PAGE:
Ever wonder where your power comes from?

Today, I and the other Eco-Reps tabled in the Shapiro Atrium to educate the Brandeis community about our energy consumption.

Perhaps you’ve heard the term “the grid” tossed around in talk about energy use or energy independence.  The grid is our electrical infrastructure, composed of sources of generation, transmission, and consumption.  A non-profit coalition called ISO New England (located in my home of Western Mass!) manages New England’s electricity grid.  Because the grid is entirely inter-connected, the electricity you use at Brandeis comes from a variety of sources from all over the region.  The pie chart below describes how your electricity is generated.

(source: New England Wind Fund)

As you can see, the biggest sources (natural gas, nuclear, coal, and oil) are not the greenest.  In fact, in Massachusetts over 80% of power is generated from fossil fuels and nuclear material.

The top 10 electricity generators in New England are as follows:

  1. Seabrook Station – Seabrook, NH (Nuclear)
  2. Millstone Point Station – Watertown, CT (Nuclear)
  3. Fore River Station – North Weymouth, MA (Natural Gas/Diesel)
  4. Mystic Station – Everett, MA (Natural Gas/Oil)
  5. Pilgrim Station – Plymouth, MA (Nuclear)
  6. Granite Ridge Energy – Londonderry, NH (Natural Gas)
  7. Brayton Point Station – Somerset, MA (Coal) [one of the Conservation Law Foundation’s “Filthy Five” and the largest source of air pollution in New England.  In 2000, the plant emitted: 44,586 tons of Sulfur Dioxide (acid rain), 13,636 tons of Nitrogen Oxide (smog), 7,925,715 tons of Carbon Dioxide (global warming), 240 lbs mercury (enough to poison 120 million pounds of fish).]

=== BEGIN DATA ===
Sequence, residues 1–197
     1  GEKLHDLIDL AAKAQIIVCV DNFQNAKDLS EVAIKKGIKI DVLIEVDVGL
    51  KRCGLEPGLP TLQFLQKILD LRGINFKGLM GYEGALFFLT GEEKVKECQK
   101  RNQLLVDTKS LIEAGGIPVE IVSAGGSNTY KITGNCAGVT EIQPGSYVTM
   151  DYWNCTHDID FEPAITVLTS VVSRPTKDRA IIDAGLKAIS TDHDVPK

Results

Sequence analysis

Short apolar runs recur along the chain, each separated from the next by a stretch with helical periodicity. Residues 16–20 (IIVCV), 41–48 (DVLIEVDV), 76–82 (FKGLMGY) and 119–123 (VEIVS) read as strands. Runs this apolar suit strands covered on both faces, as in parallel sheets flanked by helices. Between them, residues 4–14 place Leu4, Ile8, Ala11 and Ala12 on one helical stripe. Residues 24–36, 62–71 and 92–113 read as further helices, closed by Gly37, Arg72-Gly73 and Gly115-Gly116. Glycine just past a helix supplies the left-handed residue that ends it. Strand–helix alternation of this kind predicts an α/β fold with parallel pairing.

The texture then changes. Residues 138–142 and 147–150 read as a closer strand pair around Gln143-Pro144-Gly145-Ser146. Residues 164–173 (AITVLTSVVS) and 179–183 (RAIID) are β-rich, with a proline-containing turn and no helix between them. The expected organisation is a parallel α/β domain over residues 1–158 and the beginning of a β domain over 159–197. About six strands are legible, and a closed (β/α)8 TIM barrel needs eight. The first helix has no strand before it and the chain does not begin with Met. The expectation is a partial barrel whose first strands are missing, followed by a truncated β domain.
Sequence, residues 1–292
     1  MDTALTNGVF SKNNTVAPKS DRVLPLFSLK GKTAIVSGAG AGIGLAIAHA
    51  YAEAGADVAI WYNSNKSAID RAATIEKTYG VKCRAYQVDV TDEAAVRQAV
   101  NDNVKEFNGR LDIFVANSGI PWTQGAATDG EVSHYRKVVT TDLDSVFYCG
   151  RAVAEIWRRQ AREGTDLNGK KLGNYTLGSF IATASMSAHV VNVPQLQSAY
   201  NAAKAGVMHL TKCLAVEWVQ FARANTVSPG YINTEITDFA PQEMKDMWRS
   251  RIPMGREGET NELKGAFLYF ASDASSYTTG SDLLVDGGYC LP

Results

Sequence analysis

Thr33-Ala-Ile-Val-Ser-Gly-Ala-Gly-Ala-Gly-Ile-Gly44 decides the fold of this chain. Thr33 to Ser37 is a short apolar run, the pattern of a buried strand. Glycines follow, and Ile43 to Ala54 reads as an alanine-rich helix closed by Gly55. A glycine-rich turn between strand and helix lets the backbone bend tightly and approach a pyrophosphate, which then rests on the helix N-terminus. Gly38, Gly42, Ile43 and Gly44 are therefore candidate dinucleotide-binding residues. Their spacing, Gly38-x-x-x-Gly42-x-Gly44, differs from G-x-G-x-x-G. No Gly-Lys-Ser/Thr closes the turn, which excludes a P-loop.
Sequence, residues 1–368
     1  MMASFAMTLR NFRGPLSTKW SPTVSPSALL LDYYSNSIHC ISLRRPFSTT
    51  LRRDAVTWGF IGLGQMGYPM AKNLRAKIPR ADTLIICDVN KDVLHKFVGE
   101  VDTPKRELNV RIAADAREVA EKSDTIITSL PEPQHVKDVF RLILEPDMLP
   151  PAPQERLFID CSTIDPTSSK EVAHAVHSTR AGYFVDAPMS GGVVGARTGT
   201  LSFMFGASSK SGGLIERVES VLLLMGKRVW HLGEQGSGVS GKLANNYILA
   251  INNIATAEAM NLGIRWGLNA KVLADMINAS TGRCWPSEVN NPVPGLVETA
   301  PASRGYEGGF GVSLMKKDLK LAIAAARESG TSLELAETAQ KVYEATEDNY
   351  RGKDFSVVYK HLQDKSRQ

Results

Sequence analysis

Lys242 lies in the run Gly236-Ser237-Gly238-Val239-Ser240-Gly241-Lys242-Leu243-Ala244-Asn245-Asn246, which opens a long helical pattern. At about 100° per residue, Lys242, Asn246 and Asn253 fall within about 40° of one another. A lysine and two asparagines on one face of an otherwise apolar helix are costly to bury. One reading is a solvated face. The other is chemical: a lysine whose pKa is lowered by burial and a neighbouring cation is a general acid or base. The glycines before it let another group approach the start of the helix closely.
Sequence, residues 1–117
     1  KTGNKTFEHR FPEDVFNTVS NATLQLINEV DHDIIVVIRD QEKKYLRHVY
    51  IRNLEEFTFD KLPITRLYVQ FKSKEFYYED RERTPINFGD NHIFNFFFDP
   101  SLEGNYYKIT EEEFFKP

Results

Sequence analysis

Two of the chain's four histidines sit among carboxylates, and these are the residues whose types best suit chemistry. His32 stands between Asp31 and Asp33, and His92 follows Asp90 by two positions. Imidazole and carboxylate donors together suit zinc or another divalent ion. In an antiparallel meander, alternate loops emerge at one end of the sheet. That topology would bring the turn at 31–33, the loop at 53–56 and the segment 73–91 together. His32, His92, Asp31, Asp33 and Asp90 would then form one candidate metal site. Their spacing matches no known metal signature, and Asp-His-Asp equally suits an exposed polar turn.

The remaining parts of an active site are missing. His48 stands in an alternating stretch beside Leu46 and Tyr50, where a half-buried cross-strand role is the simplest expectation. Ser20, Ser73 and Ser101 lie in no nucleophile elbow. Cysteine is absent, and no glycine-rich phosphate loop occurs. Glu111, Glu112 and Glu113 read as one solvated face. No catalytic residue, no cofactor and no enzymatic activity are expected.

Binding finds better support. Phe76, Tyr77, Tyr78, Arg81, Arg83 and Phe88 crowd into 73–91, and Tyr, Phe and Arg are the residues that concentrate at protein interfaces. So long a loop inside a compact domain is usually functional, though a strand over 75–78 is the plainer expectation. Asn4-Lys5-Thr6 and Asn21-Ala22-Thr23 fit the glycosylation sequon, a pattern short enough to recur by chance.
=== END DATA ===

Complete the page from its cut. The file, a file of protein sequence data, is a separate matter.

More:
8. Vermont Yankee Station – Vernon, VT (Nuclear)
  9. Wyman Station – Yarmouth, ME (Oil)
  10. Mirant Canal Generating Plant – Sandwich, MA (Oil)

OK, so the mix isn’t so good.  Is there something you can do about it?  The answer is yes.

I have to give some credit to Brandeis.  Our university purchases 15% of its power from wind by using renewable energy certificates (RECs).  Since the grid is all inter-connected, you can buy renewable energy (wind, solar, hydro) from a source such as Maine Interfaith Power and Light.  The amount you buy creates greater demand from that renewable source, generates the green electricity, and replaces dirtier electricity that otherwise would have to have been generated to provide you with power.  I bought 1 “Wind Watt” before the semester began for just $20 and my roommate and I still haven’t used all of it in our Charles River Apartment.  For this semester, my apartment has been powered 100% by wind.

If you have any more questions about power generation or related topics, leave a comment below and I’ll do my best to answer them.

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